That means it leaves around 60% for flowers, divided among 182 distributors. On top about 60% of the market is being sold through five online pharmacies who source their products directly from the producers. So there are maybe 10 distribution companies that are successfully selling directly to the remaining cannabis pharmacies, and a growing number of distribution companies that are hardly generating any sales. I believe these companies, who are just waiting for the rec market to start will run out of funds and ideas.
So what I see is a huge exaggeration of market dynamics that recent deals, going big on the news, have taken advantage of. Big liqueur and big tobacco have gone down that road before.
My biggest concern right now is that investors’ decks remind me of Canada five years ago. I see an over-evaluation. Of course every market needs money to grow but we’ve already seen the failure in the States and we’ve seen the failure in Canada for different reasons. Companies are being delisted and their market caps are crumbling.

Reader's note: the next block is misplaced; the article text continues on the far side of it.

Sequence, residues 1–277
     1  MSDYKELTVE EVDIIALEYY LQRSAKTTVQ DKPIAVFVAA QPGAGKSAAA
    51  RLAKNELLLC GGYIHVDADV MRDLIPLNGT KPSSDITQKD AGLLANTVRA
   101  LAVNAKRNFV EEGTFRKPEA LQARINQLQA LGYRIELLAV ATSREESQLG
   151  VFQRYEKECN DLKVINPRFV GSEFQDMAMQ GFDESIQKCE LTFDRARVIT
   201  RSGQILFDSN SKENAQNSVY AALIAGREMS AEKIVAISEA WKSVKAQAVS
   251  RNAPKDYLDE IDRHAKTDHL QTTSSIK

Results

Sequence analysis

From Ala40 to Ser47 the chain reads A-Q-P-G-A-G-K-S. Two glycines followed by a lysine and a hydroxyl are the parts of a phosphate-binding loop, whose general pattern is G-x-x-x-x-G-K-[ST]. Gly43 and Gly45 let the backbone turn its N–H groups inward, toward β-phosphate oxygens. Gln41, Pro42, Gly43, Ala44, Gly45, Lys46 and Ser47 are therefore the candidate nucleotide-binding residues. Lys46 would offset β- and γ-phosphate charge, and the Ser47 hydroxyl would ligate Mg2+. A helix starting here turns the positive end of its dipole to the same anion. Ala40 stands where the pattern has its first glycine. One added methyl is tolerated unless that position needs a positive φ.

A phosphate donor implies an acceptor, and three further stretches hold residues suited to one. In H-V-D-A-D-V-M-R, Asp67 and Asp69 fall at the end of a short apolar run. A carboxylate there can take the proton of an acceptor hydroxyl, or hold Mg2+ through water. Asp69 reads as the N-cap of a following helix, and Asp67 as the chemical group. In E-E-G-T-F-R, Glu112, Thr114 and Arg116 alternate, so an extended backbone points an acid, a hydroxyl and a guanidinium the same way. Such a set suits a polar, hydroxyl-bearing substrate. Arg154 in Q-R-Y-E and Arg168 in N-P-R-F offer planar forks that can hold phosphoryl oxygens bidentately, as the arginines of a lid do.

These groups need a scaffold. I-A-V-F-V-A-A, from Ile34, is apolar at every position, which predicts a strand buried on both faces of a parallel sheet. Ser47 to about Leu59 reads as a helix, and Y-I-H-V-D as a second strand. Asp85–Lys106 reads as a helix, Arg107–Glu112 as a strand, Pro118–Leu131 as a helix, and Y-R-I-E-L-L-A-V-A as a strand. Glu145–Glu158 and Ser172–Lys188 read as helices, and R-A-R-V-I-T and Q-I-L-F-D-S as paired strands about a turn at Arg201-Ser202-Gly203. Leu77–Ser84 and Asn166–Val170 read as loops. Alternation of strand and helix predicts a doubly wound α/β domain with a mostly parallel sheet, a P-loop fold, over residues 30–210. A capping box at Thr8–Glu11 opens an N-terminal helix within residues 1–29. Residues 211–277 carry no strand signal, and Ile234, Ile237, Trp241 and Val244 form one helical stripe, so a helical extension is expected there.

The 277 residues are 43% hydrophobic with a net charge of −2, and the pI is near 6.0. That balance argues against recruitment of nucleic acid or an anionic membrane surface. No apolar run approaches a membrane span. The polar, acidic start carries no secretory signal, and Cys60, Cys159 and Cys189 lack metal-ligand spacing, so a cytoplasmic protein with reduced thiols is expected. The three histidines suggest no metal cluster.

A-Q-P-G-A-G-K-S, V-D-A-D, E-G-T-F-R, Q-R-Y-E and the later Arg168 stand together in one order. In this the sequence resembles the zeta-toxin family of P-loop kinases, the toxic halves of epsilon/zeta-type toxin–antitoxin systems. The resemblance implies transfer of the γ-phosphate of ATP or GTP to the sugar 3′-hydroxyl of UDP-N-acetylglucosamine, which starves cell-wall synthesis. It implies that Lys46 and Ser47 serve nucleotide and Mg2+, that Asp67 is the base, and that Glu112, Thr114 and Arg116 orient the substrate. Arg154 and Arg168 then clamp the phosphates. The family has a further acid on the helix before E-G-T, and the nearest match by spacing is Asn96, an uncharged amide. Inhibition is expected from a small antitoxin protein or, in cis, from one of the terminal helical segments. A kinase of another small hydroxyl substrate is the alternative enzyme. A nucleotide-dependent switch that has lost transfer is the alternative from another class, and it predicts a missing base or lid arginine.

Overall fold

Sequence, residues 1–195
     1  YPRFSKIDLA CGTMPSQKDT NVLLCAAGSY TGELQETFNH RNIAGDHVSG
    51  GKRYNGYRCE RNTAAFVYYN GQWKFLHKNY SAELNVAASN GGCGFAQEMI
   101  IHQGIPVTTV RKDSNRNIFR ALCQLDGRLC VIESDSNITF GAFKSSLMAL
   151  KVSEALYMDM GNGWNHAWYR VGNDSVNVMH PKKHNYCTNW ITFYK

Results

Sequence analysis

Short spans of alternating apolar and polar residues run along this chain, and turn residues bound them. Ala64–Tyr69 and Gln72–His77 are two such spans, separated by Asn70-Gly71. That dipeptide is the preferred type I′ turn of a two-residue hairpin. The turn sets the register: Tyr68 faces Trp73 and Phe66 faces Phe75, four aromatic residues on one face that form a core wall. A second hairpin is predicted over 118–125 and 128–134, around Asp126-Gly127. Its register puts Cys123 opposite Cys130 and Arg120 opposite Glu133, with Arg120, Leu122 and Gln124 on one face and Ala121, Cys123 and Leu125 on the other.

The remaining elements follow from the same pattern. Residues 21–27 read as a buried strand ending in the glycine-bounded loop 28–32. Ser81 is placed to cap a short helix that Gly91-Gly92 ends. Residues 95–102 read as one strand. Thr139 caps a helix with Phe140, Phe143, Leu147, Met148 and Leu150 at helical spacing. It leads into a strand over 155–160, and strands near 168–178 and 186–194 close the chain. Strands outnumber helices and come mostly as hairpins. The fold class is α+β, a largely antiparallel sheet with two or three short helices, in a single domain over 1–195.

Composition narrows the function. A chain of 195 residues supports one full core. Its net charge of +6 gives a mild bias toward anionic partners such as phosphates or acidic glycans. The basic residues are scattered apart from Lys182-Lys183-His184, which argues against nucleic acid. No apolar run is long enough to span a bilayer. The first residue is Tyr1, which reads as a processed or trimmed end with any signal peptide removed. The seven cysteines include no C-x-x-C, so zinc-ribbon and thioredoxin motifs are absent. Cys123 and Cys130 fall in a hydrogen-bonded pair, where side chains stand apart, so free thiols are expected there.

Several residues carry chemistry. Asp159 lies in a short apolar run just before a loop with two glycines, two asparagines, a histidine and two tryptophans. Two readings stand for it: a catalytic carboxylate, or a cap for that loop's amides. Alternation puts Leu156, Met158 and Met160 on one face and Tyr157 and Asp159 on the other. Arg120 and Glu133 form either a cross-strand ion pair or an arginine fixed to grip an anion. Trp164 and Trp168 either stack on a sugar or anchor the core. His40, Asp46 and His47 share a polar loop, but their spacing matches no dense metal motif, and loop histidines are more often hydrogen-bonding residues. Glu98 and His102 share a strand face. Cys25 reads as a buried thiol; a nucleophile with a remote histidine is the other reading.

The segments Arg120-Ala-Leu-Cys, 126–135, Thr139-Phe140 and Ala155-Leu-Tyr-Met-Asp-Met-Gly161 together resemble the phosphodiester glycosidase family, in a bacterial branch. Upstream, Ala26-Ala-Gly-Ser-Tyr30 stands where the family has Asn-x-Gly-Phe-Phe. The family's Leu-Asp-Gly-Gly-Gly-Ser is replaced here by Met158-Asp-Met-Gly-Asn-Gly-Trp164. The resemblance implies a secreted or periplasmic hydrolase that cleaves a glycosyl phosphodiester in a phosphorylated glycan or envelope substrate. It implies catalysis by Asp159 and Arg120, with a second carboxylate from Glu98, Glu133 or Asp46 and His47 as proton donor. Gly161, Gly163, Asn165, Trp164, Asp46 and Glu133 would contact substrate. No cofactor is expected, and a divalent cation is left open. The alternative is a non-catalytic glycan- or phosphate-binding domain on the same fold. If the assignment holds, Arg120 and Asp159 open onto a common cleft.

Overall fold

One of the biggest challenges for us when we look for partners and suppliers, is that some of them give into the hype of other companies that promise minimum off-take quantities of a ton per year. This is ridiculous compared to the reality of where we are.
There are strains that sell at five kilos a month, that’s 60 kilos a year. If you have a winner you sell 25 kilos a month, which adds up to 300 kilos a year.
So the difficulty is that the companies need the funding to guarantee supply agreements that they can’t live up to. That puts everybody else under pressure.
I hope venture capitalists will start looking beyond numbers and decks and focus on people and the market reality. We’re a small company, we’re lean, we’re cost effective, we’re breakeven and we’re looking for the right partners for expansion to build within that market.